However, some SaaS integrations are more complex and need more work effort. From a marketing perspective, the requirement to do technical integration between your product and the customer’s existing systems is an issue. If a customer believes that these integrations are challenging to implement, they may be reluctant to use your product even on a free trial basis.
5) SaaS Purchases Often Involve Multiple Stakeholders
Focusing on B2B software products, you need to market to multiple people to reach success. Your account executives and sales development representatives may be inclined to focus on one or two decision-makers. In terms of closing the deal, such a laser-targeted focus is reasonable. However, marketing needs to take a broader perspective.
In addition to the primary decision-maker who signs off on the SaaS purchase, other stakeholders matter. For example, you may have to engage end-users like business analysts. If those users complain about your product or fail to use it regularly, you stand a higher risk of churn. Fundamentally, signing up customers only to have them cancel quickly doesn’t make sense.
Therefore, your marketing needs to consider multiple stakeholders. By all means, focus your efforts on the main decision-maker such as executives. However, some of your content marketing resources should address questions and concerns raised by other stakeholders. Less senior staff may not be able to
Three Universal Marketing Factors You Cannot Ignore
In different ways, SaaS marketing is not unique. Successful SaaS marketing also needs to cover traditional marketing requirements. Here are a few key elements to keep in mind.
What Is Your SaaS Positioning?
More than anything else, positioning is a critical discipline process to separate your product from others in the marketplace. If your SaaS positioning is poorly developed, you are going to face more discount requests. If you are just getting started with positioning, I recommend reading “Positioning” By Al Ries and Jack Trout. For a focused application of positioning for the technology industry, read “The Positioning Manual For Technical Firms” by Philip Morgan.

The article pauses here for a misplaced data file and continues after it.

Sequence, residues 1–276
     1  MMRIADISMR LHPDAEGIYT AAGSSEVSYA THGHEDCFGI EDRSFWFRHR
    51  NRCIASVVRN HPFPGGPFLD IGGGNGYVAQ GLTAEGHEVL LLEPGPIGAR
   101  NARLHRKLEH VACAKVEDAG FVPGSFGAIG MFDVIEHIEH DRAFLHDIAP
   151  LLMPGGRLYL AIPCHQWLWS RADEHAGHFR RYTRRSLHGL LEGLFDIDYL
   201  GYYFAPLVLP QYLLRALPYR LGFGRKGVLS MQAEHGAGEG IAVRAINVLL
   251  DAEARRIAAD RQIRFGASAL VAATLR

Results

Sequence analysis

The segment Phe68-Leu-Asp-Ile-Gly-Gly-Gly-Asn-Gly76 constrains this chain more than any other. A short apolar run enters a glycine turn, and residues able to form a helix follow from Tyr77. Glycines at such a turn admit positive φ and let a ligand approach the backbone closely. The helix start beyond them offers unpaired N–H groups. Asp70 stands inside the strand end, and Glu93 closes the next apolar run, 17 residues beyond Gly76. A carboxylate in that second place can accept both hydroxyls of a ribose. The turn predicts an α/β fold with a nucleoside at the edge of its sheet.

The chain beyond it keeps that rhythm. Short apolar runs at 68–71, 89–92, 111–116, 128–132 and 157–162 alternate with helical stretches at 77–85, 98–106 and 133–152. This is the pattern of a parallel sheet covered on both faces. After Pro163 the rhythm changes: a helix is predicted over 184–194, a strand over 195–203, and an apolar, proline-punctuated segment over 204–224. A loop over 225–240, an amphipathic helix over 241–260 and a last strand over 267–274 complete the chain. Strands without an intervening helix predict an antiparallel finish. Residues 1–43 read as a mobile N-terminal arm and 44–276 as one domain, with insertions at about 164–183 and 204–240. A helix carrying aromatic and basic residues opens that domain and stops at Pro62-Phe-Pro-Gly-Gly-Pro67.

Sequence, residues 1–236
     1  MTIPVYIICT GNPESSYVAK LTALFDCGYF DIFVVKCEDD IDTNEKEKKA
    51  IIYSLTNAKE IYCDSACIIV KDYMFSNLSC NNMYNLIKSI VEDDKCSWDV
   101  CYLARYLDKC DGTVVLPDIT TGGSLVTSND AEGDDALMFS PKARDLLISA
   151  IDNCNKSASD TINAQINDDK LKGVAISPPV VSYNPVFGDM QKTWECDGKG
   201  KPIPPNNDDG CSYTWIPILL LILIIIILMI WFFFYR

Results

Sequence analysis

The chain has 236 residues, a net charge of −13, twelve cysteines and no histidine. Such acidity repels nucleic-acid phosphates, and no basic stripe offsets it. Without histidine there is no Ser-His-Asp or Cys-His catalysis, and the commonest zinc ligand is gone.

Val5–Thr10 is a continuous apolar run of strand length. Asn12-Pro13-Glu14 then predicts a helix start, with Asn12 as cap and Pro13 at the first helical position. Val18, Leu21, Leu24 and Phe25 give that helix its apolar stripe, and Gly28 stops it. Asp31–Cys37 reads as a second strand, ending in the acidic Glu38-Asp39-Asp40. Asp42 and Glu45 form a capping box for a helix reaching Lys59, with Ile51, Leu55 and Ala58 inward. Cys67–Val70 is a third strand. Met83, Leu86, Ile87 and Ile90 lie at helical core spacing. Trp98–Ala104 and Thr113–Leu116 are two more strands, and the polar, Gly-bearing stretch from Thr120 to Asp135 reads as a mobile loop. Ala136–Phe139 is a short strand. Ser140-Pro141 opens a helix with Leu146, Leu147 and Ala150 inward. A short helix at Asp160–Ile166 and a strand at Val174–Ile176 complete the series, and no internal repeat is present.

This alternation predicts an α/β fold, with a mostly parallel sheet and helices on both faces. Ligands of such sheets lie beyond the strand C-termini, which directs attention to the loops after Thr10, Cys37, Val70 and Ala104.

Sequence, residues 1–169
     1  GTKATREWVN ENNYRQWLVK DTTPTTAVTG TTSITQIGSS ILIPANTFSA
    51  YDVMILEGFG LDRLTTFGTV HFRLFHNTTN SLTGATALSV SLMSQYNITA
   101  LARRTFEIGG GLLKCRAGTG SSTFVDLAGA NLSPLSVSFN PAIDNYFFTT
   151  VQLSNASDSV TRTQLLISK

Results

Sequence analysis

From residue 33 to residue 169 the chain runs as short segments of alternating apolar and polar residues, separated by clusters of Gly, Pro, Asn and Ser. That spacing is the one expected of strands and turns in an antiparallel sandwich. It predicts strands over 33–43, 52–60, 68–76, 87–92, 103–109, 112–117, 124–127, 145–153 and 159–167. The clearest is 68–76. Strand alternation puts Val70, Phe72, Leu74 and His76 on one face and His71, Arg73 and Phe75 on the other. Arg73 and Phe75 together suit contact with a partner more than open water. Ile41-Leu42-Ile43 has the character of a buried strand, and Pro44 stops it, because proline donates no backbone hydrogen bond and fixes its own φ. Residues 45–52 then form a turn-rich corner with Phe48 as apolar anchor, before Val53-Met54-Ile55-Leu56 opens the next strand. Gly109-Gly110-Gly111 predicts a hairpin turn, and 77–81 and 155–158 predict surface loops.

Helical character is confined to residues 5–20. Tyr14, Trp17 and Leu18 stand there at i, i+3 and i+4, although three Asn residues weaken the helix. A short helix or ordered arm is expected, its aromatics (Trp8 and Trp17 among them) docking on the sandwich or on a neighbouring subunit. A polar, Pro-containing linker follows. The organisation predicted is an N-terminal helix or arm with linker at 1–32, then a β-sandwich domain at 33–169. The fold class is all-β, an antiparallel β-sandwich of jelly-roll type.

What Is Your SaaS Pricing.
As a marketer, your SaaS pricing shapes much of your marketing strategy. Offering a lower-priced SaaS product that can be bought directly by credit card requires more of a direct response approach. In contrast, a proposal based SaaS marketing approach.
If you offer an enterprise SaaS product that is paid by invoice, then your approach to pricing will be entirely different. You may need to factor in professional services into your pricing. While complex pricing is sometimes necessary, consider pushing for simplicity. More and more SaaS products use simple pricing models such as $99 per user per month, for example.
What Marketing Channels Will You Use?
There are many different SaaS marketing channels available, many of which are in common with other types of marketing. For more insight into the available SaaS marketing channels, please read my article: SaaS Marketing Channels.
Three Simple Ways To Get More SaaS Leads And Customers
By this point, you have a clear answer to the question What is SaaS Marketing? Simply knowing the definition of just the start. You also need to look for ways to improve and improve your results. Here are a few ways to improve your results
1 Take inspiration from other content marketing examples in the industry